|A parent plays the "Alien Assignment" app with her kids.|
My journey to incorporating New Media into early literacy programming began at the 2014 Growing Wisconsin Readers Early Literacy Symposium. During the symposium there was much discussion about new media and young children and I began thinking that it was something I wanted to try at my library. Of all the things discussed that day one thing really took root “adults can be afraid of “breaking” technology, can be afraid to look like they don’t know what they are doing with technology and often don’t like it when kids know more about it than they do.”
While that is not a direct quote it was certainly something that was brought up and described some of my worries. I often think that I can only do programs if I understand than implicitly and quite frankly, it is hard to keep up.
After the Symposium I went to my director and told him I wanted to explore purchasing iPads for our library to use in youth programming. He said yes and then as luck would have it, a donor came forward with the funds to make it happen. I purchased one.
And then my forward progress stopped, I started to worry again, “How do I maintain multiple iPads? What if a child breaks one? How do I know what to put on them? What if one gets stolen? What if a child takes one and gets into horrible things online while using one? Not all staff at my library thinks we should do it, how do I turn them around?”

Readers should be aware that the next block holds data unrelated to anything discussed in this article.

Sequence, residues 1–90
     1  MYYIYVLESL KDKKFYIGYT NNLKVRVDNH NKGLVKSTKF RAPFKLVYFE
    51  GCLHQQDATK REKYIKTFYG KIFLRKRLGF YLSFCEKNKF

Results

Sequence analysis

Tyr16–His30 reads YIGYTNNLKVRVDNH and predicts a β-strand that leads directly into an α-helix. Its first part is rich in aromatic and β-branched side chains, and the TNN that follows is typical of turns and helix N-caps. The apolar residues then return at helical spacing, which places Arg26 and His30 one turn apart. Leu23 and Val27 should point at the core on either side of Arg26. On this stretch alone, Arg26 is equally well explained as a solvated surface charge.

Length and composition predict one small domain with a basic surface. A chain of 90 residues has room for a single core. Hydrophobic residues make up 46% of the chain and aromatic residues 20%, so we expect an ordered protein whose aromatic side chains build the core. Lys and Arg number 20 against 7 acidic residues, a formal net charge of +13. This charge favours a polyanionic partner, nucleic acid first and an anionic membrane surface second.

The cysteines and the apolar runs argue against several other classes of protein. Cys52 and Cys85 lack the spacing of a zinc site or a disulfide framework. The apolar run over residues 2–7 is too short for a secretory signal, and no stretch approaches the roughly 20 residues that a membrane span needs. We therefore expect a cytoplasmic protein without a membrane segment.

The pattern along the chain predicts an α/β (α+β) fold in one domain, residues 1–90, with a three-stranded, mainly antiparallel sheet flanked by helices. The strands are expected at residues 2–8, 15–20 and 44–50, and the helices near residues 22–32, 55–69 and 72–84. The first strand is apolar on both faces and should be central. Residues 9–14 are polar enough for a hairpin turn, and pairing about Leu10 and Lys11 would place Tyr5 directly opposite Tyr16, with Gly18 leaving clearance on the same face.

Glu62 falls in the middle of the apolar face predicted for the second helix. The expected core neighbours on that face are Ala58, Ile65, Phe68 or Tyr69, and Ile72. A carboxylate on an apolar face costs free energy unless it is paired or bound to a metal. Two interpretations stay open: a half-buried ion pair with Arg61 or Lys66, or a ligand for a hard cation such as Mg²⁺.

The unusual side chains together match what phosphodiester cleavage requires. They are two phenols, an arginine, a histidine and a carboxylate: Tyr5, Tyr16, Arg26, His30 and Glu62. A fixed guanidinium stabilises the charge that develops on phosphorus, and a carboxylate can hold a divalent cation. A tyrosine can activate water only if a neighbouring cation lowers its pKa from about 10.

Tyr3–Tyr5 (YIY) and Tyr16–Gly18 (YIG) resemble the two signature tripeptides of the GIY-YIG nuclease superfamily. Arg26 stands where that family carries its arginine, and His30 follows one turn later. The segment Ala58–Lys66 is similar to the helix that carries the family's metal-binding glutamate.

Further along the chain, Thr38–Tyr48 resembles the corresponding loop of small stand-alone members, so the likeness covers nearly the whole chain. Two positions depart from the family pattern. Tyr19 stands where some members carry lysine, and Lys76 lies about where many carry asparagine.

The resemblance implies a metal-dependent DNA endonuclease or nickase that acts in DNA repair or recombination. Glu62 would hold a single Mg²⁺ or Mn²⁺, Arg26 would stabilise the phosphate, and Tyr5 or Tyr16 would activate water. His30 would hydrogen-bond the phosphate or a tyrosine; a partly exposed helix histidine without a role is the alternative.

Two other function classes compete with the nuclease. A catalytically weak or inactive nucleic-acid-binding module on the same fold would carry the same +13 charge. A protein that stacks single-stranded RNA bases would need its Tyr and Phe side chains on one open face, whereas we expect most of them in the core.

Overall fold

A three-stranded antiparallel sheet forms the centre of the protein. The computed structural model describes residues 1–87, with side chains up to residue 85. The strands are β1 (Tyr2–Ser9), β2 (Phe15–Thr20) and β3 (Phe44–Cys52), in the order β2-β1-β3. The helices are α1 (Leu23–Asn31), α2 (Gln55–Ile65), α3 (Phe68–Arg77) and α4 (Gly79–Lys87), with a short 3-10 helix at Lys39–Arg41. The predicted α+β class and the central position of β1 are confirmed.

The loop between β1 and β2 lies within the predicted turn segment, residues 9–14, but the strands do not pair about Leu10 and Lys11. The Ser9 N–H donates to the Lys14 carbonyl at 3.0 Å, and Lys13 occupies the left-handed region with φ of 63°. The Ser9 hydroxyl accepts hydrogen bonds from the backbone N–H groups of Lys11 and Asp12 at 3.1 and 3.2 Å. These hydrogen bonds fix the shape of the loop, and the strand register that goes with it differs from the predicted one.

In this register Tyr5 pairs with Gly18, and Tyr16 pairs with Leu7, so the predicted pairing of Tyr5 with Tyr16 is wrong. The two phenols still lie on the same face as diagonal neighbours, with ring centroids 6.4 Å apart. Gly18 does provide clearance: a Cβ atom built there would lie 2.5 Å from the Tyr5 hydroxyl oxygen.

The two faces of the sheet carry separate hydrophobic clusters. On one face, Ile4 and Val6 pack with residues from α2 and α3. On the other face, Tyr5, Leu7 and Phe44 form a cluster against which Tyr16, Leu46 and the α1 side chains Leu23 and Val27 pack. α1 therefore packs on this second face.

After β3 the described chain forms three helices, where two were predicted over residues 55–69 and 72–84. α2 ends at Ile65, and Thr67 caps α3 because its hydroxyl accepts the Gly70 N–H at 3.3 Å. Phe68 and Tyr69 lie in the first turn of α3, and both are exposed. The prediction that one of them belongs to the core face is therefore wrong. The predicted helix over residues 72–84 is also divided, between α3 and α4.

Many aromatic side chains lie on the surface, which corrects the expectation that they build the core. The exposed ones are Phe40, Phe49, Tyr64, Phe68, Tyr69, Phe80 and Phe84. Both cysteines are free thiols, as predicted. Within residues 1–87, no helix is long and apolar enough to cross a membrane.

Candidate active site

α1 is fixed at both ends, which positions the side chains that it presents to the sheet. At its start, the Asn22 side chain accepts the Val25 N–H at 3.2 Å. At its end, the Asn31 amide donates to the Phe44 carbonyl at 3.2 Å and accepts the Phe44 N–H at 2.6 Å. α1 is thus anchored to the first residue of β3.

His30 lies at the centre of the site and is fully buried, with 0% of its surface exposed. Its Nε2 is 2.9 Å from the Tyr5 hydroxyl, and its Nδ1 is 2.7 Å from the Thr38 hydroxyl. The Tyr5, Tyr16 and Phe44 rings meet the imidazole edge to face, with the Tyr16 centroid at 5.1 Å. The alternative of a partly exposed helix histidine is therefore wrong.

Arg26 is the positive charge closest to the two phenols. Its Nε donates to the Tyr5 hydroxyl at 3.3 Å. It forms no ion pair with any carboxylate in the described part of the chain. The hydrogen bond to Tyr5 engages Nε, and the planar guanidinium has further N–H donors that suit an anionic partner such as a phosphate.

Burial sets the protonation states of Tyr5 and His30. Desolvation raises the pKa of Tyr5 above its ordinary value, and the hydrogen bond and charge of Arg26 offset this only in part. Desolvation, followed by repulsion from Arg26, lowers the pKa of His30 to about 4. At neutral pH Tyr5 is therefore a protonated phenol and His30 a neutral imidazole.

|A fleet of new iPads at the Lester Public Library.|
So I put off buying them and decided to wait until the stars aligned just right.
The opportunity to participate in the New Media Training arose and I immediately applied. The stars aligned and it was AMAZING! I discovered that I was not the only one who was letting my fears get the best of me. I came back to the library brimming with ideas and ordered 10 iPads within a week.
I set them up by myself (1 day of work) and have used them in 3 programs so far.
I have used them in a 4k story time, a school-aged math program and a family STEAM night program.
|Math Club participants use the "Curious Ruler" app.|
- Kids were willing to learn with me. In fact I used an engineering app that I couldn’t even solve after the first two puzzles. The kids solved puzzle after puzzle. It didn’t matter. I just provided the tool and let them go.
- Using new media can enrich the type of programs I am already doing, it doesn’t need to replace them.
- Parents are looking for guidance and suggestions about apps and how to use them with their children and now I have suggestions to give them.
- Kids still want to do the non-technology parts of the program too.
- Kids have dirty fingers and iPads don’t melt in front of your eyes because of it.
- Even though I still have a lot to learn I can learn it as I go.
Finally, I discovered that librarians are amazing and are always willing to share ideas, struggles and solutions so JUMP IN and give it a try!
Post and photos by:
Terry Ehle, Youth Services Coordinator
Lester Public Library
Lester Public Library